Objective: To examine in prospective data the relation between dietary intake of carotenoids and vitamins C and E and the risk of cataract in women.
Design: Dietary intake was assessed at baseline in 39,876 female health professionals by using a detailed food frequency questionnaire. A total of 35,551 women provided detailed information on antioxidant nutrient intake from food and supplements and were free of a diagnosis of cataract. The main outcome measure was cataract, defined as an incident, age-related lens opacity responsible for a reduction in best-corrected visual acuity in the worse eye to 20/30 or worse based on self-report confirmed by medical record review.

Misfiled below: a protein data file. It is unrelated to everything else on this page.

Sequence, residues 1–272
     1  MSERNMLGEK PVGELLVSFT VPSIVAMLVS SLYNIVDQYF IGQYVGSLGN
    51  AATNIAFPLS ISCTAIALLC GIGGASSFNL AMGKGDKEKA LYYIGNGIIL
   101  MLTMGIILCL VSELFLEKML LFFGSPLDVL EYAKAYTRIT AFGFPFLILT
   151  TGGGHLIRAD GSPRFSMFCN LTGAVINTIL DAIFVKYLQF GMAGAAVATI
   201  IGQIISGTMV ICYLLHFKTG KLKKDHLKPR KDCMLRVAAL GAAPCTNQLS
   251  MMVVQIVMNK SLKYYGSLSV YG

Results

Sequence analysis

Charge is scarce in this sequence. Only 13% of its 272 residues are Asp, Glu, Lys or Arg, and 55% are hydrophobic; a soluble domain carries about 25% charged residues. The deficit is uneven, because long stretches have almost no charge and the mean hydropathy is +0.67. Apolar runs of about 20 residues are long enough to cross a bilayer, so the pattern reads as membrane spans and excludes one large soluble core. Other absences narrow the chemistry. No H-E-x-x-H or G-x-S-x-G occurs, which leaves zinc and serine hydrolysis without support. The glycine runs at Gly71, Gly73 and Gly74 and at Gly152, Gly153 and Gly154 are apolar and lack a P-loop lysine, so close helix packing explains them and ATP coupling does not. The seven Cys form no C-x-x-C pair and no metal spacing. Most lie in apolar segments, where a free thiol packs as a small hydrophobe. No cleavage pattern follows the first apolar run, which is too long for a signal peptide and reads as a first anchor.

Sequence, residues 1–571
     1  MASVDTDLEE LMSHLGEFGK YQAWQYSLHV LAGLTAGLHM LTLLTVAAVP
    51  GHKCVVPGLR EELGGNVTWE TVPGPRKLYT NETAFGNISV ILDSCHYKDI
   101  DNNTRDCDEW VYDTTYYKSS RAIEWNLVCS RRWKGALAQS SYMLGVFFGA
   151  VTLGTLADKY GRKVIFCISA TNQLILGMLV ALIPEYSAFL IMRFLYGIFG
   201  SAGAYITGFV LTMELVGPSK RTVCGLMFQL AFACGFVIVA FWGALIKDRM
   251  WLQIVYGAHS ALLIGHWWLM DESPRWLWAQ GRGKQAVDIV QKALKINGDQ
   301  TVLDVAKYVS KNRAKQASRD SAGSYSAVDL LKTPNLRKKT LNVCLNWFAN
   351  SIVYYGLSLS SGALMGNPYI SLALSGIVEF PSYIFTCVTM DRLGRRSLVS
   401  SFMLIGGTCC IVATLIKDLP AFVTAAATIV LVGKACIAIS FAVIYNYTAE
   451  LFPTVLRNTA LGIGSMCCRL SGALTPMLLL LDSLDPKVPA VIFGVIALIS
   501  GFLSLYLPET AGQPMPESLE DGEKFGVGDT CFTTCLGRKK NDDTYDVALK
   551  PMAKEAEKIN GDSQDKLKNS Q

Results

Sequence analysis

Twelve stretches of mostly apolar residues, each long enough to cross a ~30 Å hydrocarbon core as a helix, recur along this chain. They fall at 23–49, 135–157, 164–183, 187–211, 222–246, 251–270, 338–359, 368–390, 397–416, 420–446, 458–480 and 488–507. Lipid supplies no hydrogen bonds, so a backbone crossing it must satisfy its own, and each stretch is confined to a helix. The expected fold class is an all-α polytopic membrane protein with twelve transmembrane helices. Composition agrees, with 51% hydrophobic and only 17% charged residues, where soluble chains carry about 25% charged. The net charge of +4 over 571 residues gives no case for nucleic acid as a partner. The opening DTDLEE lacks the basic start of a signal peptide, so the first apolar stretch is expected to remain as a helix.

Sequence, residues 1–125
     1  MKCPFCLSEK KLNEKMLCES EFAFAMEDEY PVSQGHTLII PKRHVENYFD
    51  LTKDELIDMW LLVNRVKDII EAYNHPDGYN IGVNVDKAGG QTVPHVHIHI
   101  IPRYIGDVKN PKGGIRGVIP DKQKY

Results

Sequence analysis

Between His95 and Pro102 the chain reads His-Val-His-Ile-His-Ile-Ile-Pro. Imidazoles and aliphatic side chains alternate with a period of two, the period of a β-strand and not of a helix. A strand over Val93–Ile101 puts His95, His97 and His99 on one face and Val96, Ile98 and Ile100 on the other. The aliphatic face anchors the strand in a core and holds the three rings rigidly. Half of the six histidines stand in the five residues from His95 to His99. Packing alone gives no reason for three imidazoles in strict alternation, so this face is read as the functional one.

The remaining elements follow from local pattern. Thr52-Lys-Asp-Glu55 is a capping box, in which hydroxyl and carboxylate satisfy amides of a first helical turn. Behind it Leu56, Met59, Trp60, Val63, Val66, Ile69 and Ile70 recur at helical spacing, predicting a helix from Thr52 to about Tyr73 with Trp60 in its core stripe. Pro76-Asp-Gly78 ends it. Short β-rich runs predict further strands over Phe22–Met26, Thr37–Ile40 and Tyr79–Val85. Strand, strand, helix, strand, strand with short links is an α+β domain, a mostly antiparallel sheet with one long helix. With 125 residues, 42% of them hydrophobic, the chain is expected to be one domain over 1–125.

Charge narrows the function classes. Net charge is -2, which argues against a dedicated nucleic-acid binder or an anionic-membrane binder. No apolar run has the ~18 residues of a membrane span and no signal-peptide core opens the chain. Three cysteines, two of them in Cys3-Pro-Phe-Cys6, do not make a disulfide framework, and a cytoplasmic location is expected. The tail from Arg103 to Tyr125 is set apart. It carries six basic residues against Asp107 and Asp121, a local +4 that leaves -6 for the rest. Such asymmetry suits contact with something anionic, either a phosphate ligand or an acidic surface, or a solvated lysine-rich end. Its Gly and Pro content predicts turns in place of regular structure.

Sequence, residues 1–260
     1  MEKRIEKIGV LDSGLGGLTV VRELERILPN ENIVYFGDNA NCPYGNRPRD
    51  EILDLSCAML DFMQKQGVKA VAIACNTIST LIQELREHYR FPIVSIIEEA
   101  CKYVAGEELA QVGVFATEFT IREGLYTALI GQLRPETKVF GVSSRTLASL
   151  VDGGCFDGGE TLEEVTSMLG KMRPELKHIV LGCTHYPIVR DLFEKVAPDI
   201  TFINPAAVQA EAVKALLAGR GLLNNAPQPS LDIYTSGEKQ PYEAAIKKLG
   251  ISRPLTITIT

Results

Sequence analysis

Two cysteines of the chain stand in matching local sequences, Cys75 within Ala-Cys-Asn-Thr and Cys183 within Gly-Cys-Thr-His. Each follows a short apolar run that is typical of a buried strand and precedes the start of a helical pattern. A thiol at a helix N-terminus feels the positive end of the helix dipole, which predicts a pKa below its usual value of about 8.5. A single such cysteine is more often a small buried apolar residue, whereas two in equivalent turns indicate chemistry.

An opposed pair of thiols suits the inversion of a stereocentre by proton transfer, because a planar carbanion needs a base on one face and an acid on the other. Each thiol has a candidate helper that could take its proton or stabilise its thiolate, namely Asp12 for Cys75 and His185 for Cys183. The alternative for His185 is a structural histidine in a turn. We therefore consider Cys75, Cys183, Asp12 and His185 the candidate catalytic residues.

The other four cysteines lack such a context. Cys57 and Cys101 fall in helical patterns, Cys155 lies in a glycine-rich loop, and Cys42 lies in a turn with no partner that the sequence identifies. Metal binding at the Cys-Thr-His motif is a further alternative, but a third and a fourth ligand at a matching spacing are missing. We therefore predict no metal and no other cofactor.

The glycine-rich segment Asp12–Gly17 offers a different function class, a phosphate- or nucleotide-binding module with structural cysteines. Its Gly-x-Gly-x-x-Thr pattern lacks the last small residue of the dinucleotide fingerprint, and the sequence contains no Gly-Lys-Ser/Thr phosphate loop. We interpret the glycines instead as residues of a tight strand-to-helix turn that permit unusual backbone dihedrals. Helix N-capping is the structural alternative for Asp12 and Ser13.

Results: A total of 2031 cases of incident cataract were confirmed during a mean of 10 years of follow-up. Comparing women in the extreme quintiles, the multivariate relative risk of cataract was 0.82 (95% confidence interval, 0.71-0.95; test for trend, P = .04) for lutein/zeaxanthin and 0.86 (95% confidence interval, 0.74-1.00; test for trend, P = .03) for vitamin E from food and supplements.
Conclusion: In these prospective observational data from a large cohort of female health professionals, higher dietary intakes of lutein/zeaxanthin and vitamin E from food and supplements were associated with significantly decreased risks of cataract.